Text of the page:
The Wild Coast Tented Lodge near the Yala National Park in the south of Sri Lanka is a series of dwellings designed to mimic rocky outcrops scattered across the local landscape.
The camp's waterfront bar, restaurant and library are enclosed within two dome-shaped structures clad in reclaimed teak shingles, which were designed to imitate the local landscape.
"At the site you can find massive boulders along the coastline," explained Olav Bruin, creative director at Nomadic Resorts.
"So when we started sketching and brainstorming the same evening after our visit, we felt that the best approach would be to design buildings that would become part of the natural surroundings, so we shaped them like a cluster of intersecting boulders."
"At a more detailed level it was important to us that the buildings would weather gracefully so we used reclaimed teak shakes with a rough surface," he told Dezeen.
"These will turn grey over time with different tones, which will make the buildings look even more like the surrounding rock surfaces."
The entire development, which has been longlisted in this year's Dezeen Awards, was designed to integrate with the site, with no fence enclosing the park, sustainable materials used for the main structures and furniture, and the accommodation built on stilts.
"The first decision was to not build any fencing around the property and build in a relatively low density, so the wildlife could roam uninterrupted across the site," explained Bruin.
"The next important element is that we added large ponds which are fed with the grey water of the surrounding cluster of tented suites," he continued.
"The flora of the site was actually quite monotonous with only a few bush and tree species so the ponds gave us the chance to increase the biodiversity of the site with other species found in the area."
The domed buildings were built from bamboo – a fast growing plant that was chosen for its sustainable credentials.
As the studio couldn't find sufficiently skilled workers it set up a construction company to carry out the building, which trained 80 people from the neighbouring fishermen's village.
"Since our CEO Louis Thompson was based in Sri Lanka at that time and the skills for the more complicated elements of the project like the bamboo and tensile membrane structures were not easily available, we decided to set up a construction company to build the front of house facilities and accommodation units ourselves," explained Bruin.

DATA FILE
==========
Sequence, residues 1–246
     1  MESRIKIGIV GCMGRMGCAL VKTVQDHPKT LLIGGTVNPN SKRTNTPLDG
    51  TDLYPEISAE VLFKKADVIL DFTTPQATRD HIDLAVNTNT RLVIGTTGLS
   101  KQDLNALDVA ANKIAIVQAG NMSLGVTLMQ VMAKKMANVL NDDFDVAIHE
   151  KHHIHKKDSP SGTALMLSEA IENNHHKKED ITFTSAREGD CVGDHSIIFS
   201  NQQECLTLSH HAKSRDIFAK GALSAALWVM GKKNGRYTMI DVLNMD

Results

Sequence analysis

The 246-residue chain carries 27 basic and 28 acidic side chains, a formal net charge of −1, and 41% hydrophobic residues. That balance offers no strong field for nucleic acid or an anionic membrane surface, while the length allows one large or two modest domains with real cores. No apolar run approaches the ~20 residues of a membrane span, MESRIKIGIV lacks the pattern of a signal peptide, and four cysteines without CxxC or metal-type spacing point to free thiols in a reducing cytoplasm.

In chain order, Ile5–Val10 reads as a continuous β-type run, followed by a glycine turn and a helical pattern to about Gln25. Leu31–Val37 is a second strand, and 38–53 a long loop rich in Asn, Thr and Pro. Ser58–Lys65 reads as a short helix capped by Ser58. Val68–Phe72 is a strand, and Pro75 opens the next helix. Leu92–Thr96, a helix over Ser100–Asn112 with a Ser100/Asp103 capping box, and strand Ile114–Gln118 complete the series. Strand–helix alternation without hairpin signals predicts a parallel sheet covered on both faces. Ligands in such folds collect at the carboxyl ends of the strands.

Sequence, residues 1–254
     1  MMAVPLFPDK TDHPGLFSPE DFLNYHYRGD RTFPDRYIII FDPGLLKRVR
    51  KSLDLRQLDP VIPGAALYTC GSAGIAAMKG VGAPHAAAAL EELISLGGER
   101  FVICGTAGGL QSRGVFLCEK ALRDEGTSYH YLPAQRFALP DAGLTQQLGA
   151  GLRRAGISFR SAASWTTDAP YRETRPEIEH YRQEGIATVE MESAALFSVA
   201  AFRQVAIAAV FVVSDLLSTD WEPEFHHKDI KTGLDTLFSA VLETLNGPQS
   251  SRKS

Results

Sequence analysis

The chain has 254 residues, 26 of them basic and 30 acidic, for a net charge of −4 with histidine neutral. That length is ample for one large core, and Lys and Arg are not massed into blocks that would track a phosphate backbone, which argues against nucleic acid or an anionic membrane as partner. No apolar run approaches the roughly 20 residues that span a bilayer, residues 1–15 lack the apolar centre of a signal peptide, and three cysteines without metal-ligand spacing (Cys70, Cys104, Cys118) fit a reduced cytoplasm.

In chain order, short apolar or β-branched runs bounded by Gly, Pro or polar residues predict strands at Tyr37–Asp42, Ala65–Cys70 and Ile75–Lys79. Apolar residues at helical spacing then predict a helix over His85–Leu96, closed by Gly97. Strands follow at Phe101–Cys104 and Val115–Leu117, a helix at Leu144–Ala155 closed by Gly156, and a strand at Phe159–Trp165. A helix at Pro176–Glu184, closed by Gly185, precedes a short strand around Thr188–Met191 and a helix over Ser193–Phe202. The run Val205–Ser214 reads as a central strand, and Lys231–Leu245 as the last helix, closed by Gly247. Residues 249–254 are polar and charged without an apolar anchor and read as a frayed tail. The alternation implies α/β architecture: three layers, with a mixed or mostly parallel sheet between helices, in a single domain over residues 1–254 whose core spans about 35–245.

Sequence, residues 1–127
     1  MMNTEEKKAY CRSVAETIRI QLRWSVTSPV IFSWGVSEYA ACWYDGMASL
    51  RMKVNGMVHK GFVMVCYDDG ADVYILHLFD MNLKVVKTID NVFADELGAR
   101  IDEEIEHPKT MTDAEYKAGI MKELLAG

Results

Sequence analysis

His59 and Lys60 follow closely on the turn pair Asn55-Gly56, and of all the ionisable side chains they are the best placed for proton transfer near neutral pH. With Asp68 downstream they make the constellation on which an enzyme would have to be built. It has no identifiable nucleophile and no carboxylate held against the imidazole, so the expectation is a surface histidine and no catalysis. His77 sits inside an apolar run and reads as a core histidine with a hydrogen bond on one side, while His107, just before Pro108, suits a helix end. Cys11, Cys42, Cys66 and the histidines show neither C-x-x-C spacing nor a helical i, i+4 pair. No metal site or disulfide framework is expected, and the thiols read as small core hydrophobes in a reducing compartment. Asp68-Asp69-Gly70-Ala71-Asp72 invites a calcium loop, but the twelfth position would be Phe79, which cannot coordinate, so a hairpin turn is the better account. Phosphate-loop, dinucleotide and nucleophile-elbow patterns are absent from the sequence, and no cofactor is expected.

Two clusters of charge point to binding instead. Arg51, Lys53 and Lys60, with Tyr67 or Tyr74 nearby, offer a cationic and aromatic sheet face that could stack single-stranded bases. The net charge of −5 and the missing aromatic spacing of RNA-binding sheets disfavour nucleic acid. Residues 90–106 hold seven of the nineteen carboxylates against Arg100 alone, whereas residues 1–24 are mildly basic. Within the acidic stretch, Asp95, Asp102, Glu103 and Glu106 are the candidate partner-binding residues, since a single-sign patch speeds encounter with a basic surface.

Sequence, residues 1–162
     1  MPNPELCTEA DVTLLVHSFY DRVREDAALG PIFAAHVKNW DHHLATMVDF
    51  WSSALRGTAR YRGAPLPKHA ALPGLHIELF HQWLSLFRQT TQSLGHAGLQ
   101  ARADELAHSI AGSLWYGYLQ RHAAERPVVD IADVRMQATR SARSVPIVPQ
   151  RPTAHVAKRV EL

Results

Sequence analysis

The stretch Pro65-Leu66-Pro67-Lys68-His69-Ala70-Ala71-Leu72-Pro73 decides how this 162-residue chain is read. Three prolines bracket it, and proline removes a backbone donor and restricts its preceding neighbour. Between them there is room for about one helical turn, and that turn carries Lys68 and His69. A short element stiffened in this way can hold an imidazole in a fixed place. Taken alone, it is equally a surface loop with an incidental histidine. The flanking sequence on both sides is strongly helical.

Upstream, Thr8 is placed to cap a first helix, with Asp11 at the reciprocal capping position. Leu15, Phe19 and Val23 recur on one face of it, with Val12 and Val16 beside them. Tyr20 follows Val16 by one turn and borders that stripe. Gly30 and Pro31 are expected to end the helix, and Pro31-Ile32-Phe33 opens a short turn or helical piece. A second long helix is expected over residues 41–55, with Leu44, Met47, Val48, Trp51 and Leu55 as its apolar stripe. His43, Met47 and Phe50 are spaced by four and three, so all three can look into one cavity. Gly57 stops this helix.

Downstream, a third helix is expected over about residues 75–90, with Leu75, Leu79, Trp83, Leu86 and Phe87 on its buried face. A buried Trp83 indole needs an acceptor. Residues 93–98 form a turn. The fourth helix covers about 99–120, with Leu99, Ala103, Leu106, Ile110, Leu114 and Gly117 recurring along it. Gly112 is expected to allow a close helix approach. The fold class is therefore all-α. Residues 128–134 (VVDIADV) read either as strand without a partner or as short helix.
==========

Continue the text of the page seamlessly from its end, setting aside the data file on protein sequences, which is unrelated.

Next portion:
"This resulted in a very inclusive construction process and collaboration between local and international craftsmen combining vernacular techniques with contemporary architecture," he continued.
Within the bamboo structures seating has been made from a combination of elephant dung and clay.
"Excavated stone and locally quarried quartz are used widely throughout, and residue clay from the gravel-sieving process was mixed with elephant dung – an abundant resource – to create the restaurant and welcome-area mud-brick seating," said Bruin.
Alongside the main buildings, the studio placed 36 lightweight structures within the forest that each act as a guest room.
These buildings were prefabricated off site to minimise the impact during construction, and raised on stilts to reduce the impact on the landscape.
They are designed so they could be disassembled and leave only a minimal impact on the site.
The safari camp also has solar panels installed on the roofs of some back-of-house buildings that produce around 40 per cent of the camp's energy, while waste water is collected and used for watering, whilst food waste is used to produce biogas.
Numerous architects are designing choosing bamboo as a sustainable building material. Earlier this year Vo Trong Nghia Architects built an island resort from they material in Vietnam, while CO-LAB Design Office made a bamboo yoga pavilion in Mexico.
Photography is by Marc Hernandez Folguera, unless stated.